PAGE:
District Judge Mornington: I think I found it a lot easier when working in Pakistan and seeing that they challenge things in the same way there. I have brought over from Pakistan speakers whom the communities respect. It has also helped me to get inside those communities. I am a Muslim and so I cannot be accused of Islamophobia. It is not easy. Ann Cryer is your expert and, sadly, she has just had an operation and cannot be here today. We can do it. It was said of domestic violence 20 years ago that it was intractable, that we would never be able to make advances and we should leave it well alone and it is a private matter. We have learnt so much. One of the great successes of this Government in the past 11 years has been the inter-ministerial group on domestic violence. That is an excellent example of good governance that we can now adapt to these issues.

  Q69  Chairman: Maybe in your memorandum, which is getting larger, you can stress to us what needs to be done.

  Lord Justice Wall: There is also a judicial protocol between English and Pakistani judges who have been talking to one another.

  Q70  Chairman: It is not just the Pakistani community; it goes wider than that.

  Lord Justice Wall: We have to deal with it on a nation-by-nation basis.

  District Judge Mornington: That is a real issue to be explored. I spoke to the head of the forced marriage unit last week when we were here. I cannot believe that in the Bengali community there is not a problem almost of the same size and yet it seems to be under the radar and the same numbers are not coming back.

  Q71  Chairman: What is key is engaging the communities and presumably as part of your action plan you will have that engagement.

  District Judge Mornington: Yes, and with women in the communities.

  Q72  Mr Davies: How do we know that those three girls a week are not voluntarily entering into arranged marriages?

  District Judge Mornington: You ask the forced marriage unit and hear their stories about how they have had to escape and the efforts they have had to make in Pakistan villages to contact the forced marriage unit to get out. When they come back they are completely isolated from their families, which is not a thing you say voluntarily.

  Q73  Mr Davies: If these people are escaping how many more are being put into forced marriages and we do not find out about?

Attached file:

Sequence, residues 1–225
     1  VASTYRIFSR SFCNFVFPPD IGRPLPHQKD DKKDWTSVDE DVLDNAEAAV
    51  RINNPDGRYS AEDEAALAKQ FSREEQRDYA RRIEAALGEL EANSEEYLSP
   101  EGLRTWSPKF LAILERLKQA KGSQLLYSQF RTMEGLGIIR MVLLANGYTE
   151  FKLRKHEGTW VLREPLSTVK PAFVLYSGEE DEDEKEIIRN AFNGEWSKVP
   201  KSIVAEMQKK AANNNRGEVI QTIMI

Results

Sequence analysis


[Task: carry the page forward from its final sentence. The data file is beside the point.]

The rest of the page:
District Judge Mornington: Thousands.

  Q74  Mr Davies: Thousands of British girls every year?

  District Judge Mornington: Forced marriages that take place overseas as we know because of the numbers we bring back and forced marriages also take place in this country. I know that you are to hear from Jasvinda Sanghera and Karma Nirvana. They will tell you about it. I am also trustee of an Asian women's charity which is completely inundated with cases in this country. It is a huge problem.

  Q75  Chairman: Mr Davies raises a very important point. Let us be clear on the statistics because we are dealing with a relatively small community. You say that thousands come in on the basis of forced marriage?

  District Judge Mornington: No. I am saying that every year between the transnationals and those taking place here there are very large numbers of cases.

  Q76  Chairman: And only three are discovered?

  District Judge Mornington: No. Three come back every week just from one place.

  Q77  Chairman: So, 150 a year?

  District Judge Mornington: Come back from Pakistan, one country.

  Q78  Chairman: But thousands of cases occur?

  District Judge Mornington: Yes. They happen within Kurdish and Iraqi communities. It will be very interesting to see what happens with the new influx of Roma.

  Q79  Mr Davies: These are forced, not arranged, marriages?

  District Judge Mornington: Yes, forced.

  Chairman: It will be very helpful to have additional information on that. It was obviously a subject on which Ann Cryer was very keen to question you but unfortunately she is not able to be here.